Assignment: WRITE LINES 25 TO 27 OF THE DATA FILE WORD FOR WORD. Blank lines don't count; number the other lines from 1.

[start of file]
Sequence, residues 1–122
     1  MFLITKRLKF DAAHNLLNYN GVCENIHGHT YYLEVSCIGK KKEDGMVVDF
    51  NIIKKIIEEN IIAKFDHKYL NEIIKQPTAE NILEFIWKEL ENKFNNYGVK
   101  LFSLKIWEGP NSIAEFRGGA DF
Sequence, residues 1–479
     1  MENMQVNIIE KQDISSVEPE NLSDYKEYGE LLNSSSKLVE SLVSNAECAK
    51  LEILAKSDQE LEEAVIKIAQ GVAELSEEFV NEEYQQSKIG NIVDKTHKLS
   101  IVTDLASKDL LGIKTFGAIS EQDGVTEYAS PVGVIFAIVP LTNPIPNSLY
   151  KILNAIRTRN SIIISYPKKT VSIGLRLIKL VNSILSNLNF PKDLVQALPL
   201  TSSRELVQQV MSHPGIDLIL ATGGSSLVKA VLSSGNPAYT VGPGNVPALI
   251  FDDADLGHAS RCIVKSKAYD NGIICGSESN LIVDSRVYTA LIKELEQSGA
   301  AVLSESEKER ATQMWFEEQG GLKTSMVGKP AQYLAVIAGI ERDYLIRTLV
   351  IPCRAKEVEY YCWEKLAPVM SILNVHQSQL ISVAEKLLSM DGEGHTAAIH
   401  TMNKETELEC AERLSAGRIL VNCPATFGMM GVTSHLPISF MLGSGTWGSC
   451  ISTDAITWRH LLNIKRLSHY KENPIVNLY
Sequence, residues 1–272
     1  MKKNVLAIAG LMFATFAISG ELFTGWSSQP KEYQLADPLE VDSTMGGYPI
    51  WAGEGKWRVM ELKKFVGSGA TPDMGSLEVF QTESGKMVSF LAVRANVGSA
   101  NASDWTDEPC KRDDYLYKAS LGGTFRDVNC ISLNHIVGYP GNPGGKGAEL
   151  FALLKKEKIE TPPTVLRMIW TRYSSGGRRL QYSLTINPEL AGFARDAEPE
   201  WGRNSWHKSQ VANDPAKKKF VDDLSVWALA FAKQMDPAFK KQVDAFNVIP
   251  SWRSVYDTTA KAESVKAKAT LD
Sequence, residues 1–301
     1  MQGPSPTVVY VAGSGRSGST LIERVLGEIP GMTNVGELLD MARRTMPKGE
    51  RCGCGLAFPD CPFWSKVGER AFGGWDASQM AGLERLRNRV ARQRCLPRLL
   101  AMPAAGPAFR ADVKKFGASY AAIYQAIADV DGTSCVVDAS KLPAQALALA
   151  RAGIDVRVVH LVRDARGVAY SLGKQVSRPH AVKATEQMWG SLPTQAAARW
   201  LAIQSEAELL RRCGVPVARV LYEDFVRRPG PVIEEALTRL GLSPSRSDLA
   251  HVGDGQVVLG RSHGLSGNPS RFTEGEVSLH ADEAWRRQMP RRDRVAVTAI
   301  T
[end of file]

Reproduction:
    51  RCGCGLAFPD CPFWSKVGER AFGGWDASQM AGLERLRNRV ARQRCLPRLL
   101  AMPAAGPAFR ADVKKFGASY AAIYQAIADV DGTSCVVDAS KLPAQALALA
   151  RAGIDVRVVH LVRDARGVAY SLGKQVSRPH AVKATEQMWG SLPTQAAARW